San Francisco in San Francisco City and County, California — The American West (Pacific Coastal)
In Memory of Adolph Sutro
This commemorative plaque placed by the Native Sons of the Golden West
April 29, 1940
Erected 1940 by Native Sons of the Golden West.
Marker series. This marker is included in the Native Sons/Daughters of the Golden West marker series.
Location. 37° 46.78′ N, 122° 30.592′ W. Marker is in San Francisco, California, in San Francisco City and County. Marker is on Point Lobos Avenue west of 48th Avenue, on the right when traveling east. Click for map. Marker is in this post office area: San Francisco CA 94121, United States of America.
Other nearby markers. At least 8 other markers are within walking distance of this marker. Peoples of the Coast - Why did they live here? (about 700 feet away, measured in a direct line); Heavy Cruiser USS San Francisco (CA38) This Memorial to Rear Admiral Daniel J. Callaghan (approx. 0.2 miles away); The Naval Battle of Guadalcanal (approx. 0.2 miles away); The New Cliff House (approx. 0.2 miles away); FDR's Salute (approx. ¼ mile away); Schooner Parallel “Blown to Atoms” 1887 (approx. ¼ mile away); Sutros Steam Train (approx. ¼ mile away). Click for a list of all markers in San Francisco.
More about this marker. The marker is mounted on the western (right) lion's pedestal at the Point Lobos Avenue entrance of Sutro Heights Park.
Regarding In Memory of Adolph Sutro.
Adolf Sutro made his fortune not as miner, nor as a mine owner, but as a mining engineer. He incorporated the Sutro Tunnel Company in 1869 and subsequently designed and constructed the Sutro Tunnel, a drainage and ventilation system for the Comstock Lode silver mines. Sutro was able to charge mine owners large sums for access to the drainage, thus allowing for a greater extension of the mines, and also improving their safety.
The NPS interpretive sign, visible behind the lions in the photo above, provides a short history of Sutro Heights, reading in part: The two lions rest here still, but the gothic gate is long gone. This was the estate of Adolf Sutro - millionaire, mining engineer, and Mayor of San Francisco. In the 1880's he transformed windswept sand dunes into a Victorian estate with formal gardens, groves of exotic trees, and hundreds of European statues. He opened the grounds to the public in 1885....After Sutro's death in 1898, the grounds slowly declined. Trees began to die, and statues were toppled or vandalized. The buildings were finally demolished in 1939.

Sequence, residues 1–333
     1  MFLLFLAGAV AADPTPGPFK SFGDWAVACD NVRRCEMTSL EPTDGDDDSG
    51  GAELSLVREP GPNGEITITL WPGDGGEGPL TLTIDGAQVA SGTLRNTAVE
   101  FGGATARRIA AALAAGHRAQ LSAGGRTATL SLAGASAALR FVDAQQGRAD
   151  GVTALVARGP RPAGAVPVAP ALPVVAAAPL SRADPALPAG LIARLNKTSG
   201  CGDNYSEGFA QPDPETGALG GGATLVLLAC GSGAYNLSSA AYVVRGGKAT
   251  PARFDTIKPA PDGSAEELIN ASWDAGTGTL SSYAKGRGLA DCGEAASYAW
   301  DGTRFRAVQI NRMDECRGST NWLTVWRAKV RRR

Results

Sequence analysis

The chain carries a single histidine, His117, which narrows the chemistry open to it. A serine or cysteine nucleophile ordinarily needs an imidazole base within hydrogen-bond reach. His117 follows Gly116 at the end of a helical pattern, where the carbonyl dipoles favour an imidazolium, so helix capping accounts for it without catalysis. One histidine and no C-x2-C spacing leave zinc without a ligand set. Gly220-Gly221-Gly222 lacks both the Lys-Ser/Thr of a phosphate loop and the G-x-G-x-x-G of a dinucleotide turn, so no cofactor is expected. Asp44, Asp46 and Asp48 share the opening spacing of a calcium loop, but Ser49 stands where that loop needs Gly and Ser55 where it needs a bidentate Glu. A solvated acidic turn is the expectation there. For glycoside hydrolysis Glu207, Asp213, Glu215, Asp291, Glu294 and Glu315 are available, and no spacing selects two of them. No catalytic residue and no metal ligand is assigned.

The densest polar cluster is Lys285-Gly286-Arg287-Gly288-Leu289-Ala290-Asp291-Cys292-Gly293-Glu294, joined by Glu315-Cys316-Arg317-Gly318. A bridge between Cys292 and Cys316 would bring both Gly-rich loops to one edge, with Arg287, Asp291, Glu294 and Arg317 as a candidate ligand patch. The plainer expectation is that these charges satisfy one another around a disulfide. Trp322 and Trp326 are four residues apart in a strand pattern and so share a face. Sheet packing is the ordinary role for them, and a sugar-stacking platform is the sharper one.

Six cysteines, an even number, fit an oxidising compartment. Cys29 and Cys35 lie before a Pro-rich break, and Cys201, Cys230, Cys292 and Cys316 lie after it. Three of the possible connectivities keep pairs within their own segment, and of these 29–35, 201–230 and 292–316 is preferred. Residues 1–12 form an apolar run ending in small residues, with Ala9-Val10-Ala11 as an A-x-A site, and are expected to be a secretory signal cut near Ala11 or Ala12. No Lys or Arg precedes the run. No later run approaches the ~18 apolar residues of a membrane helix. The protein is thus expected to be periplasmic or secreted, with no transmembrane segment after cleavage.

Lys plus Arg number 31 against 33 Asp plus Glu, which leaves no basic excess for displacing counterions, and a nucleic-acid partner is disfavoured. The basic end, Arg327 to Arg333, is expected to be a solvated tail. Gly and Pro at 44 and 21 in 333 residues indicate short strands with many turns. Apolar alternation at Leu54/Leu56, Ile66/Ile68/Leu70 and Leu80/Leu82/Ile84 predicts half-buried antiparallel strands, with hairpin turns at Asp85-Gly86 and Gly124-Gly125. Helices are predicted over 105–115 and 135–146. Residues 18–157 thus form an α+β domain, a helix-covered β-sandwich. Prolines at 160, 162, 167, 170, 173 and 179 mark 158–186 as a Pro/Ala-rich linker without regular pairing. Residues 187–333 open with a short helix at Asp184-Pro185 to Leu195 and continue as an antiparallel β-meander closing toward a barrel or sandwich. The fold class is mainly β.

Also see . . .
1. Sutro District. The NPS web page providing a history of Sutro Heights. Includes a number of historic photos, as well as information on Sutro Baths and the Cliff House, as well. (Submitted on August 1, 2009.)
2. Adolf Sutro. The NPS biography of Adolf Sutro, includes pictures and links to histories of sites linked to Sutro, such as Sutro Baths and the Cliff House. (Submitted on August 1, 2009.)
3. The Significance and History of the Adolf Sutro Historic District. Excerpts from the National Register of Historic Places Nomination Form prepared in 2000, providing a more in depth history of the area. (Submitted on August 1, 2009.)
Categories. • Notable Persons •
Credits. This page originally submitted on , by Andrew Ruppenstein of Sacramento, California. This page has been viewed 1,376 times since then and 116 times this year. This page was the Marker of the Week Photos: 1, 2, 3, 4. submitted on , by Andrew Ruppenstein of Sacramento, California. 5, 6. submitted on , by Andrew Ruppenstein of Sacramento, California. • Syd Whittle was the editor who published this page. This page was last revised on June 16, 2016.